So what is it that I want to study, if I do go back for a PhD?
Well I’m still interested in Anthropology and more precisely, Food Anthropology. I’m interested in how food plays an integral part of daily culture and how even those foods that might be bad for us (e.g. bread!) are held with such high esteem. I’m interested in what paleolithic man ate and why he never had dental caries. If he didn’t get eaten by a saber toothed tiger, would his life expectancy have been longer? I’m interested in Weston A. Price’s studies on native peoples whose facial structures morphed dramatically after switching from their traditional diet to today’s modern foods, overabundant in grains, sugar, and processed… crap (?) – what we affectionally call SAD (the Standard American Diet). And I’m interested in knowing how different populations have adapted to certain foods of today, such as Scandinavians being the only real ethnic group with the ability to still digest milk into adulthood. Finally, I’m interested in studying more traditional methods of preparing foods, such as fermenting fruits, vegetables and dairy, and soaking beans.
I am also interested in how our modern diet is affecting chronic disease. So I think this falls under the category of Epidemiology. Having spent a number of years running Stuffed Pepper, I can say with certainty that Gluten Sensitivity is not just a fad diet for celiac wannabes, but in fact a real disorder that has far-reaching consequences, and which scientists are still unraveling. I want to learn more about what diseases gluten can potentially cause. Under that realm falls many (if not most?) autoimmune disorders. Obesity is of course a huge problem in the US and other countries, as well, and surely our diet has something to do with this. And what about the rise in food allergies? They are most likely because of leaky gut, caused by (among other things), gluten. But these theories need to be backed up with scientific evidence, and that is why I am most interested in the epidemiological side of things, too. We need charts and graphs to back us up, baby.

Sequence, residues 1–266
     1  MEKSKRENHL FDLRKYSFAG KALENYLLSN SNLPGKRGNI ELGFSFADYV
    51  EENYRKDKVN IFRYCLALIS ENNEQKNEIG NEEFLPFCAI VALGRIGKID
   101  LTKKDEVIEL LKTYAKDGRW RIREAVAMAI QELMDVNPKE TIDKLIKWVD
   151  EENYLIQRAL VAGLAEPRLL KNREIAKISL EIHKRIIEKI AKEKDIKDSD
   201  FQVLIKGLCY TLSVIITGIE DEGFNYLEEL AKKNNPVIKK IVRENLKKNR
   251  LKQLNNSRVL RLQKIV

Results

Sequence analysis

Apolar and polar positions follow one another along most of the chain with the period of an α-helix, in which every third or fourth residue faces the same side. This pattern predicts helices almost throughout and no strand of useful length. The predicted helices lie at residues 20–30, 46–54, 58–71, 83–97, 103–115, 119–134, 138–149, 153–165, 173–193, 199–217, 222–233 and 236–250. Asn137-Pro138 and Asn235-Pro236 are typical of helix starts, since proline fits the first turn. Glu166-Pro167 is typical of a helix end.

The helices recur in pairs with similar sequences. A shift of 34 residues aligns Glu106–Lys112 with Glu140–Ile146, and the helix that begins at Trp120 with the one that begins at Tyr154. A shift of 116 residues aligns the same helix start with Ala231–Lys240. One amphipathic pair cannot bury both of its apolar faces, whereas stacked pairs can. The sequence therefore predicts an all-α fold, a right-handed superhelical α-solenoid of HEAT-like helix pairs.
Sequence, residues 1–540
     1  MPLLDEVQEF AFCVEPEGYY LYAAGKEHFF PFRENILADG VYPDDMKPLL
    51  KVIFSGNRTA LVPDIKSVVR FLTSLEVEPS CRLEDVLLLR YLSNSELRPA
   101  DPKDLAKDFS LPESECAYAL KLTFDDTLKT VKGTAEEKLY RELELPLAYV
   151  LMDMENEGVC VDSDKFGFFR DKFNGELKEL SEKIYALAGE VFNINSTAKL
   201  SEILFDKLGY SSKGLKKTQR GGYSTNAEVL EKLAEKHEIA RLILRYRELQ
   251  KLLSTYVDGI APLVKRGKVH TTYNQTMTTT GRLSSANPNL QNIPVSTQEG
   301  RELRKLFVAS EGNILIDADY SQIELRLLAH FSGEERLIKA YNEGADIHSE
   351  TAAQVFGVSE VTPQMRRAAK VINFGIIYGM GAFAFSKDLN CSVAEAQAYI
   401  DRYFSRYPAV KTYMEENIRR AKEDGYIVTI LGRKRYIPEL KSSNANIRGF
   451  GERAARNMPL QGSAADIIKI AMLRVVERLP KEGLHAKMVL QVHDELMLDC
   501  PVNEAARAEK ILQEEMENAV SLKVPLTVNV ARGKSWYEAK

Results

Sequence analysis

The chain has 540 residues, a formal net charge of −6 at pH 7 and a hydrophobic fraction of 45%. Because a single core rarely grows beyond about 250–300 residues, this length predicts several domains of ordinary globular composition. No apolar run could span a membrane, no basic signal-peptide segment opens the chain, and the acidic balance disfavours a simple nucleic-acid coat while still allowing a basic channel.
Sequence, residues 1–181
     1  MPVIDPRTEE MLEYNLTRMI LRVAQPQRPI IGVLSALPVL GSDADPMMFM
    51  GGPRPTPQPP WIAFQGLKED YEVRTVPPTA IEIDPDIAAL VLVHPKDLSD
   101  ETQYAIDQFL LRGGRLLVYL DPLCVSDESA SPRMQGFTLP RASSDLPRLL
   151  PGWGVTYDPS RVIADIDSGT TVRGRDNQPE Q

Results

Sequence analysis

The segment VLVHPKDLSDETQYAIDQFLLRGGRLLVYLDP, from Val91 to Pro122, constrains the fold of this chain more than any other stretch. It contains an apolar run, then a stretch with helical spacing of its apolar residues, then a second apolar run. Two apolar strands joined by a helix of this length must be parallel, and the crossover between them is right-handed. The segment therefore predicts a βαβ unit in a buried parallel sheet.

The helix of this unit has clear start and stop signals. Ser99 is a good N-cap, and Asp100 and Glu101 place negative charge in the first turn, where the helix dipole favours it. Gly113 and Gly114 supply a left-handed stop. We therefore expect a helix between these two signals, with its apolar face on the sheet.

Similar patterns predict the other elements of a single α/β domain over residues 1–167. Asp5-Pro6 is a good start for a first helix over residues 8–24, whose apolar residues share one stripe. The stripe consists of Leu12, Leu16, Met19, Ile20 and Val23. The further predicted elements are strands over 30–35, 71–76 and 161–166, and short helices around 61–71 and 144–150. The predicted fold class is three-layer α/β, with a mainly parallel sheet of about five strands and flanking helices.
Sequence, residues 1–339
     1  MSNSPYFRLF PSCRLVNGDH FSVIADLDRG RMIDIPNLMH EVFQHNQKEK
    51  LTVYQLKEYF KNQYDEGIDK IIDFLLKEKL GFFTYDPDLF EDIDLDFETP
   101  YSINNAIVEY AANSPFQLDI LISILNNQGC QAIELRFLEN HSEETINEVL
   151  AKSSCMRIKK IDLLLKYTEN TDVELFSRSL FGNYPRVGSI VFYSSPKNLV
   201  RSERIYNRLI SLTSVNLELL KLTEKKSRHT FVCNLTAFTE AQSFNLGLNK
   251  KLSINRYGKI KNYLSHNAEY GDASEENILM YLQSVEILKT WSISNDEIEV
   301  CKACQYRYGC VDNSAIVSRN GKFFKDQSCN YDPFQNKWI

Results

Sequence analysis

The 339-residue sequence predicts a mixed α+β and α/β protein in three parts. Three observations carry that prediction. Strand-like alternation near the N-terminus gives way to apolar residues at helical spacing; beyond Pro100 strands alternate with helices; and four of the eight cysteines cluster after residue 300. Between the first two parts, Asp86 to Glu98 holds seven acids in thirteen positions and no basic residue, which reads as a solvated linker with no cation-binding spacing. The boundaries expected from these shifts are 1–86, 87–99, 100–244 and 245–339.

At the cross section of Epidemiology and Food Anthropology, is Medical Anthropology, at least in my mind (and on my Venn Diagram). Which could be a possible course of study for me as well.
Finally, I am interested in Microbiology and specifically microbiology of the gut. I want to know more about the effect of grains on gut health. Are just gluten grains bad? What about the other grains? I am fascinated by lectins, and especially WGA, and want to see them in action. I am also interested in the health of the gut, the diversity of flora and fauna that exist there, and the complications that arise when the gut is damaged, such as as the missing GLUT5 receptor on the intestinal border brush, that causes fructose malabsorption in its absence. How do we repair the gut, once its been injured? How do we replace the good flora and fauna, once they’ve become extinct from the gut microbiome?
Yes, I have a lot interests, and a lot of questions. But they all fit together somehow. I would love to do a combined degree where the three disciplines of Anthropology, Epidemiology and Microbiology meet. But does such a nexus exist?